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Pyotr Ilyich TCHAIKOVSKY (1840-1893)
Symphony No.6 in B minor Op.74 “Pathetique” [48:00]
Ludwig van BEETHOVEN (1770-1827)
Piano Concerto No.4 in G major Op.58 [34:43]
Takahiro Sonoda (piano)
NHK Symphony Orchestra, Tokyo/Herbert von Karajan
rec. live 21 April 1954, Tokyo Metropolitan Hibiya Public Hall, (Tchaikovsky); April 1954 (Beethoven)

In April and May 1954, Herbert von Karajan visited Japan for the first time as a guest conductor of the NHK Symphony Orchestra. He conducted sixteen concerts with them – two of which were for broadcast only (one for television, the other radio) – and the rest were public concerts given in Tokyo, Nagoya and Kyoto. It’s a constant source of frustration with Japanese historical recordings of radio broadcasts that rarely do you get a complete concert – and that is the case here. The Tchaikovsky Sixth and the Beethoven Fourth Piano Concerto come from different dates – the concerto, although having been played at the opening two concerts, on the 7th and 8th April, is in fact from neither, as I will explain, and the Tchaikovsky dates from 21st April where the first half programmed Cherubini, Handel and Prokofiev’s First Symphony.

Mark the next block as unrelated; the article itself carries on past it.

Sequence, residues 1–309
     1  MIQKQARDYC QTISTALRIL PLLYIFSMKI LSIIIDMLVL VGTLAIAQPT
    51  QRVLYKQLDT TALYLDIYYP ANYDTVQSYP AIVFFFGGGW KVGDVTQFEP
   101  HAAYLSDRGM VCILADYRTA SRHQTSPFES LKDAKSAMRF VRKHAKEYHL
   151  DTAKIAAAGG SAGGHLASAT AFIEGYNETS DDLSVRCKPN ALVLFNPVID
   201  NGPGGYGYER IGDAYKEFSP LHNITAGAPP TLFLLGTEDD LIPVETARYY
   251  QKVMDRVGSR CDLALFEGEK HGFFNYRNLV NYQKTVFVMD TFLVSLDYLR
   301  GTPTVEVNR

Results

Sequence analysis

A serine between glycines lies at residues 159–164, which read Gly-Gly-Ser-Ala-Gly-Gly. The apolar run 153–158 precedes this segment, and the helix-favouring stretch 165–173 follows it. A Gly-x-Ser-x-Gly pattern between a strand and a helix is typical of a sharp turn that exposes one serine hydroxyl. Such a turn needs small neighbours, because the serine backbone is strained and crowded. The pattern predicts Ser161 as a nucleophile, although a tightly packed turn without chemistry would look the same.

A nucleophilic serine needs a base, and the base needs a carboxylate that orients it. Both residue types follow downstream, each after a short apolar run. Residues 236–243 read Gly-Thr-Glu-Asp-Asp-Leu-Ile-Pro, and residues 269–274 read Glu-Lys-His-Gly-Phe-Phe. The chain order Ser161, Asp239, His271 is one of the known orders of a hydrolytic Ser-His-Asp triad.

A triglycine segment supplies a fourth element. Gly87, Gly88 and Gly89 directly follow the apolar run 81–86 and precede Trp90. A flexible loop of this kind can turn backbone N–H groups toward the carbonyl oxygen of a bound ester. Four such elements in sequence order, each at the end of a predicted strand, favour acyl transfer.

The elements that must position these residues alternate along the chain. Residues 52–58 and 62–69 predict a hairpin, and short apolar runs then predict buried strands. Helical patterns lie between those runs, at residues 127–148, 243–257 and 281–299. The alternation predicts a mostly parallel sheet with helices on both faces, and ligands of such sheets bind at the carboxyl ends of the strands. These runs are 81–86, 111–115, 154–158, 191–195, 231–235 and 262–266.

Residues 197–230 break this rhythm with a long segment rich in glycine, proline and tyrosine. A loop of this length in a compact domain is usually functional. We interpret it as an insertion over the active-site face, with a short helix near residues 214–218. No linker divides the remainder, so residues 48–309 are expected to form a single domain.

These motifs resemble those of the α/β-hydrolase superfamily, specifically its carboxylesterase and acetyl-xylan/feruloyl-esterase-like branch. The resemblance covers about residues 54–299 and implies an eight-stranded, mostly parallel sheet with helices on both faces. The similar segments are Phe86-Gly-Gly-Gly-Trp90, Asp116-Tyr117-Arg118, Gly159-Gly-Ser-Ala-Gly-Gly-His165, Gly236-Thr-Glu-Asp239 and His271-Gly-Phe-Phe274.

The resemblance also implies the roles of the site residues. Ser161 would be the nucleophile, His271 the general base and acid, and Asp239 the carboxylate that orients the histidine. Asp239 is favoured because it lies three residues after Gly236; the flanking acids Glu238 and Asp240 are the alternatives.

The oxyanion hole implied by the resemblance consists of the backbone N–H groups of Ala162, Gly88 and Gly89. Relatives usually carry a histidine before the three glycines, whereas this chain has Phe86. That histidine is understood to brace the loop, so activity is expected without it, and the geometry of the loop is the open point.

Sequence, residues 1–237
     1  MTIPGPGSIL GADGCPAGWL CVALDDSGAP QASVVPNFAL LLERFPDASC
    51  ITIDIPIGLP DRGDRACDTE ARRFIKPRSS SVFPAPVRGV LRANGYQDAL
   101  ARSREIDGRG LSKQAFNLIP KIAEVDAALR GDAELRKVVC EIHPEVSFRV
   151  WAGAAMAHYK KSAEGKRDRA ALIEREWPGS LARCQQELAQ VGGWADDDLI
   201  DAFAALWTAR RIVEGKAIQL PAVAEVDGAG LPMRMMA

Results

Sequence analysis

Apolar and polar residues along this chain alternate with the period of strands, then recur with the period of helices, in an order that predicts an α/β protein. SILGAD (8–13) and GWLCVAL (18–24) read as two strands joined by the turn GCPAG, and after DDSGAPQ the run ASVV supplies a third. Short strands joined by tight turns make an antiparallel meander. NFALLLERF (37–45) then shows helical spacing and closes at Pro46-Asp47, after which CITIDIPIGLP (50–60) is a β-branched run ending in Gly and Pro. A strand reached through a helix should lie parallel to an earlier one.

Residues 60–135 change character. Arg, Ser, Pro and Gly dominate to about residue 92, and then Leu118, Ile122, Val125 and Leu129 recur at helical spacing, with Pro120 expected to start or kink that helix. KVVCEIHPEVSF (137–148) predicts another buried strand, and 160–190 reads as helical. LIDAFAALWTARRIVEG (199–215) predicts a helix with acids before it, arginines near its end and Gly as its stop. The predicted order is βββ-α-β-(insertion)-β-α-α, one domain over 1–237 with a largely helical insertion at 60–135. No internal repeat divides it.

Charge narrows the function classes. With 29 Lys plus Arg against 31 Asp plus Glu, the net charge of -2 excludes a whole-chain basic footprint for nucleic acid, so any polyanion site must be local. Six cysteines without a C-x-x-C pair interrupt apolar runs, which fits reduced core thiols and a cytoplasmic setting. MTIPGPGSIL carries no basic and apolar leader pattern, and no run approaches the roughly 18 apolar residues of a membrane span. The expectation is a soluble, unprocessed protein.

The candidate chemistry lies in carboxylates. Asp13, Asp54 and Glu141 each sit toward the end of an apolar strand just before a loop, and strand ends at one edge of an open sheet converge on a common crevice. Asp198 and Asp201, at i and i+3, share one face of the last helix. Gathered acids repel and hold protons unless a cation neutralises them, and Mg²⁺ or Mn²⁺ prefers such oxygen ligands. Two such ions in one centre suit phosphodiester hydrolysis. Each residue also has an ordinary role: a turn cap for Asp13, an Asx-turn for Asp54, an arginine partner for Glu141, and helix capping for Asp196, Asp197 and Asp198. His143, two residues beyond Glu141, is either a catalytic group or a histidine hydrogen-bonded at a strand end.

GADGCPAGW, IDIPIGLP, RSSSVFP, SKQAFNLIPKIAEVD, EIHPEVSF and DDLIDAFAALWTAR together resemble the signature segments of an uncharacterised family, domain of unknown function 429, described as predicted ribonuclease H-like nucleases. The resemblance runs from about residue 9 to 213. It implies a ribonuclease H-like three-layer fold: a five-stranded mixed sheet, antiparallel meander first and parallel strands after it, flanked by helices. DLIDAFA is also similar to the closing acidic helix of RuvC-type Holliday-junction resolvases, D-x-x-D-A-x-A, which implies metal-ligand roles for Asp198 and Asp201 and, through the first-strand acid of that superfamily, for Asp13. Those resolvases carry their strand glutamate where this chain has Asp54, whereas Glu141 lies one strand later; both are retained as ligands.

The NHK/Karajan Tchaikovsky is not exactly a rare recording, having been released by DG in Japan and, most recently, by Naxos. Anyone familiar with the recording will know of the disastrous bassoon opening which somewhat haunts the performance. To suggest the playing of the orchestra is fragile would be an understatement – both the woodwind and the brass are sensitive to intonation problems, buckets of wrong notes and have difficulty playing in unison at times. I don’t think Karajan is quite as frenzied with his tempi – especially in the first movement – as he was with either the Philharmonia Orchestra, or with the Berlin Philharmonic, but those extra note lengths really don’t help the NHK players too much – in fact they probably give a sour edge to some of the flute and clarinet playing rather than the opposite, softer intended effect. On the other hand, the strings are quite remarkably warm and expressive – but this orchestra, and Japanese orchestras in general, have quite the way with Tchaikovsky (to hear this remarkable orchestra in a truly great Tchaikovsky Sixth, try the set of the last three symphonies with Hiroyuki Iwaki – King KCC – 2106/7). Yet, to say the performance lacks nobility would be quite wrong – the Adagio digs deep (it’s one of Karajan’s better attempts). Compared to the sound on the DG release, King’s is rather boomy, which, given that the NHK timpani or its brass isn’t entirely mellow by western standards – though this was entirely normal for this orchestra in the 1950s – can be difficult to adjust to.